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After proceeding to describe the production of all beings from the mundane egg floating. on the waters, the Aitaréya asks, "What is this soul? that we may worship him. Which is the soul? Is it that, by which a man sees? By which he hears? By which he smells odours? By which he utters speech? By which he discriminates a pleasant or an unpleasant taste? Is it the heart, or understanding? Or the mind, or will? Is it sensation? or power? or discrimination? or comprehension? or perception? or retention? or attention? or application? or taste (or pain?) or memory? or assent? or determination? or animal action? or wish? or desire?

"All these are only various forms of apprehension. But this (soul consisting in the faculty of apprehension) is BRAHMA; he is INDRA, he is (PRAJAPATI) the lord of creatures: these gods are he; and so are the five primary elements, earth, air, the etherial fluid, water and light; these, and the same joined with minute objects and other seeds of existence, and again other beings produced from eggs, or borne in wombs, or originating in hot moisture, or springing from plants; whether horses, or kine, or men, or elephants, whatever lives, and walks, or flies, or whatever is immoveable, as trees and herbs: all that is the eye of intelligence. On intellect every thing is founded: the world is the eye of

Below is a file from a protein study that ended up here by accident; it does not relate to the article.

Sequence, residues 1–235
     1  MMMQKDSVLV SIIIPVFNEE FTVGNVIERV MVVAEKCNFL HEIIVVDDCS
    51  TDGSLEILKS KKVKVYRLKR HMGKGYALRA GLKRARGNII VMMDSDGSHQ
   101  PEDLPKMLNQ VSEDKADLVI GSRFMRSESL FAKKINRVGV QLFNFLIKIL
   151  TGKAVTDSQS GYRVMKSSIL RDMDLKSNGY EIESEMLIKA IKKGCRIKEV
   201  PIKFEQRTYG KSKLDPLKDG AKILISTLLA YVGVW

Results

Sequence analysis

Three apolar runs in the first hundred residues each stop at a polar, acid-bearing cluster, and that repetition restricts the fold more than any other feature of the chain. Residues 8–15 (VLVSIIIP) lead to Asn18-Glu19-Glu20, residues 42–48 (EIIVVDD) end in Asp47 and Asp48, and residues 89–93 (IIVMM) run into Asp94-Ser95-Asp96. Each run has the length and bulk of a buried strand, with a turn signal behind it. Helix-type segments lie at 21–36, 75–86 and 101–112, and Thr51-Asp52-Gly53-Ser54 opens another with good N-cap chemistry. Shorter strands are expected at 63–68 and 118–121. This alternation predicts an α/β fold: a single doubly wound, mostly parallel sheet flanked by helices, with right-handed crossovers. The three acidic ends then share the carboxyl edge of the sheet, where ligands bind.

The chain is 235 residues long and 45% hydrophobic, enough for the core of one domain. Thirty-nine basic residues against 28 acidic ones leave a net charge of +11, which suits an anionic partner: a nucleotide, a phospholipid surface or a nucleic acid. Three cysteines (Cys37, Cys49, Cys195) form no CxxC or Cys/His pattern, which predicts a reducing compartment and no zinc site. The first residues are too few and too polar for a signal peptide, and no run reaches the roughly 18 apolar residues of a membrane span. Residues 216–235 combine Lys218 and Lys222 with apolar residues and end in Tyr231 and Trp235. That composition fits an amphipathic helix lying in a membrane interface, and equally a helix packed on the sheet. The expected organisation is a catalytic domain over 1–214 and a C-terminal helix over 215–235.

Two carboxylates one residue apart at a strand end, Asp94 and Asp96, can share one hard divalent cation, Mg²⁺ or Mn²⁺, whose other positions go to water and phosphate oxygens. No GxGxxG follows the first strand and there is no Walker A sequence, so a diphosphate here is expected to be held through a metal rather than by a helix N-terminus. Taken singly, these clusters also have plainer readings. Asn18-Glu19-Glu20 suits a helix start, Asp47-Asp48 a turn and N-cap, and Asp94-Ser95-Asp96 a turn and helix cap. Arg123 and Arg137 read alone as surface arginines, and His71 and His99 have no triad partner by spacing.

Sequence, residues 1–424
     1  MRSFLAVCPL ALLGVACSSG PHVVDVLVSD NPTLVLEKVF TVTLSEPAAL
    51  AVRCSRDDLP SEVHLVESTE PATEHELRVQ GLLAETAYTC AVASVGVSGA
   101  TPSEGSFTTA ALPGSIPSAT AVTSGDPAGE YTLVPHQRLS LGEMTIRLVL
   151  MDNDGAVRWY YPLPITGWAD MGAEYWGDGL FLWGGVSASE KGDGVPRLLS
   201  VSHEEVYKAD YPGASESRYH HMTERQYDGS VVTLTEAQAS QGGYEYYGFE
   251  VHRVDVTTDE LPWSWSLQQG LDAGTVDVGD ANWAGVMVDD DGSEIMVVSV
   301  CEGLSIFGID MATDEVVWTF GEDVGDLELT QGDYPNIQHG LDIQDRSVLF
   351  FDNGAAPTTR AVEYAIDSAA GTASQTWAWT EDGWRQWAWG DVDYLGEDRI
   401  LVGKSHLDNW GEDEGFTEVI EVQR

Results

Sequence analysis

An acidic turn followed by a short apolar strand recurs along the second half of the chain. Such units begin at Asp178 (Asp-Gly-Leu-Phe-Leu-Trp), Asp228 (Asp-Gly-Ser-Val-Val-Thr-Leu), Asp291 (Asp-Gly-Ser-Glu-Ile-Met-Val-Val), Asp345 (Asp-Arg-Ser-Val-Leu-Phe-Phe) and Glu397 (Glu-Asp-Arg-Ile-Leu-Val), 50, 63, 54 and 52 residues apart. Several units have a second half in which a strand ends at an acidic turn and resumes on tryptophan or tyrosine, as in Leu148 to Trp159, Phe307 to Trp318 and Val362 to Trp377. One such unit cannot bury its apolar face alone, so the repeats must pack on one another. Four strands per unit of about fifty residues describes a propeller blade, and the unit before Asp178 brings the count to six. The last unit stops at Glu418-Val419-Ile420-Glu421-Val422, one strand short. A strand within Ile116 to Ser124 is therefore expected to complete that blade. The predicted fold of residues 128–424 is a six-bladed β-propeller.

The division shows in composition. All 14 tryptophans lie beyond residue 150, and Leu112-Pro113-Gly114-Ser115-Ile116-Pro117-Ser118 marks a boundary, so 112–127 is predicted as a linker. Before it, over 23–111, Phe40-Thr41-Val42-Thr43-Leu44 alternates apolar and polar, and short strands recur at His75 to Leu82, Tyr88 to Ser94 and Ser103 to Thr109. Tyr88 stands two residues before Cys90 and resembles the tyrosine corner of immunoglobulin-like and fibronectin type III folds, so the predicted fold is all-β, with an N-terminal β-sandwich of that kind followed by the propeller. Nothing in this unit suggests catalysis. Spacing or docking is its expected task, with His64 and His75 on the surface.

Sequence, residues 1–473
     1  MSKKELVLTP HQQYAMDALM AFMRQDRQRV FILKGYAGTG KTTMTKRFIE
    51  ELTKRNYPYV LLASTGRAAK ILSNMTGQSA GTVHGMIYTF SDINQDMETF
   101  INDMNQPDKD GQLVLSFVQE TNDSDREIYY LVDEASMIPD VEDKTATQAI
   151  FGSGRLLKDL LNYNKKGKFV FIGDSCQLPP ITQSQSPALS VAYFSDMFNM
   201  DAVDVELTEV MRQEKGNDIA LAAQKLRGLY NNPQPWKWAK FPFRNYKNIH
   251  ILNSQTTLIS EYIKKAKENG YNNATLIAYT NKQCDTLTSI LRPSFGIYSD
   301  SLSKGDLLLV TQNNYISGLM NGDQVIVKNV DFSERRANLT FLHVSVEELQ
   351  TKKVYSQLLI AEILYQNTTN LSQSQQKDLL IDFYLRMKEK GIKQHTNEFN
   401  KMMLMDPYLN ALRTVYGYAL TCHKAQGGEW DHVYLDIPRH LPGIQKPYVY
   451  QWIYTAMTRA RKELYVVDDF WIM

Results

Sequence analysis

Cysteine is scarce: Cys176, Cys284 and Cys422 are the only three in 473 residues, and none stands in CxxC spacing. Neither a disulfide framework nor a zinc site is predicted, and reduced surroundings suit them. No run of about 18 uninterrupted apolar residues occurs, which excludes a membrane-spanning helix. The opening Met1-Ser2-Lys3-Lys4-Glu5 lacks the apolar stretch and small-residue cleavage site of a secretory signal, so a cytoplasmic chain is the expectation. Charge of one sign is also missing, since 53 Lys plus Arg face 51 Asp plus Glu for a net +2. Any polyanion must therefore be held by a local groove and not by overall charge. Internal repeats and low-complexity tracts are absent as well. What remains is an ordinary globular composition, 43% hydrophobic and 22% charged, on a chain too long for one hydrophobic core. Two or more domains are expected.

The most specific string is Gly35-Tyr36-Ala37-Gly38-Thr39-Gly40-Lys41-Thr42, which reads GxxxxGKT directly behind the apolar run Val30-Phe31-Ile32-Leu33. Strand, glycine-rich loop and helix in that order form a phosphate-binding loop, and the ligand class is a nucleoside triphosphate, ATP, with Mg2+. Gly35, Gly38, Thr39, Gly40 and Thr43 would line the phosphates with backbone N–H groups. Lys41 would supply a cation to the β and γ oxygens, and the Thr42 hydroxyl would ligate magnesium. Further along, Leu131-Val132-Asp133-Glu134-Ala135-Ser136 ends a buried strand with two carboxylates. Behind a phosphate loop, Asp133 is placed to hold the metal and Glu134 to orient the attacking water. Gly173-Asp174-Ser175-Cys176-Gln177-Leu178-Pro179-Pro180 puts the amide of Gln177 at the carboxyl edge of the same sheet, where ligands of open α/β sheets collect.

intellect; and intellect is its foundation. Intelligence is (Brahme) the great one.

"By this intuitively intelligent soul, that sage ascended from the present world to the blissful region of heaven, and, obtaining all his wishes, became immortal. He became immortal.

"May my speech be founded on understanding; and my mind be attentive to my utterance. Be thou manifested to me, O self-manifested (intellect!) For my sake, O speech and mind! approach this Veda. May what I have heard be unforgotten: day and night may I behold this, which I have studied. Let me think the reality: let me speak the truth. May it preserve me; may it preserve the teacher; me may it preserve; the teacher may it preserve; may it preserve the teacher."

To this long quotation I will only add the conclusion of a hymn on the same subject, which is found in a different part of the Rigveda.

"Who knows exactly, and who shall in this world declare, whence and why this creation took place? The gods are subsequent to the production of this world; then who can know whence it proceeded? or whence this varied world arose? or whether it uphold itself or not? He, who is in the highest heaven, the ruler

of this universe, does indeed know; but not another can possess that knowledge."

Perhaps you will be as much struck as I was with the grandeur and simplicity of "He thought, I will create worlds; thus He created these worlds." But you must be aware that this is the creed of the learned, and not that of the people, who are taught the common mythological fables of the alternate destruction and renovation of the earth, with the periodical sleep of Brahma, or rather of Vishnu, the preserving power, during whose slumbers the genius of destruction prevails.